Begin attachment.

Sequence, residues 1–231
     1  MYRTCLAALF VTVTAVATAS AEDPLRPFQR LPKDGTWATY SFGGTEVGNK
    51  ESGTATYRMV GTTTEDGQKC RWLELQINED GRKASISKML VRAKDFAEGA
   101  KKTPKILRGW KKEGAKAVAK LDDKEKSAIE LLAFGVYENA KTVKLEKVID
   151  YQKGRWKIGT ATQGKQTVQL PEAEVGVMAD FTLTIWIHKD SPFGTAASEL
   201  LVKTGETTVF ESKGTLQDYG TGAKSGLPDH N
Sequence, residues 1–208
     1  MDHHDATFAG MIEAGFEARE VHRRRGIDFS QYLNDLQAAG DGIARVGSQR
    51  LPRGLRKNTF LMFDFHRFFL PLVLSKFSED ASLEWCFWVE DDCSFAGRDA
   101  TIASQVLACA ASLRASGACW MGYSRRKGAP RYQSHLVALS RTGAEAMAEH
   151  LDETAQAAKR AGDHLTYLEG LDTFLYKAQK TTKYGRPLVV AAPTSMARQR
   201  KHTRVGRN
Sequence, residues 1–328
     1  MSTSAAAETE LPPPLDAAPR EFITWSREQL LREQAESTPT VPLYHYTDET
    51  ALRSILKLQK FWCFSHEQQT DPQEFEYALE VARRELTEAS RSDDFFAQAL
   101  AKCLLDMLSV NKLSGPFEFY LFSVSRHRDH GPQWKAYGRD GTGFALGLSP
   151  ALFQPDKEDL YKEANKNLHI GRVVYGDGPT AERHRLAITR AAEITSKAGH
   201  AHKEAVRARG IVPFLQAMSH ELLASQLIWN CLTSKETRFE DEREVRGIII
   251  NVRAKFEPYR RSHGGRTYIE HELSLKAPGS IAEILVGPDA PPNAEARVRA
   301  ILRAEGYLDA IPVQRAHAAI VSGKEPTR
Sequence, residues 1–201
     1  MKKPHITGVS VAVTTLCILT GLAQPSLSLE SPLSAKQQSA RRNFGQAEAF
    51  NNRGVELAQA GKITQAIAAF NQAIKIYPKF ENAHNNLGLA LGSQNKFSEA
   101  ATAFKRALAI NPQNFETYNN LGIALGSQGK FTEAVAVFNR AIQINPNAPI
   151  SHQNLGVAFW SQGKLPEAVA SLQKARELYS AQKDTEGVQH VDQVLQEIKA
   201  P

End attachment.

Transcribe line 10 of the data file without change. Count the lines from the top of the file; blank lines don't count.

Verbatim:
   101  TIASQVLACA ASLRASGACW MGYSRRKGAP RYQSHLVALS RTGAEAMAEH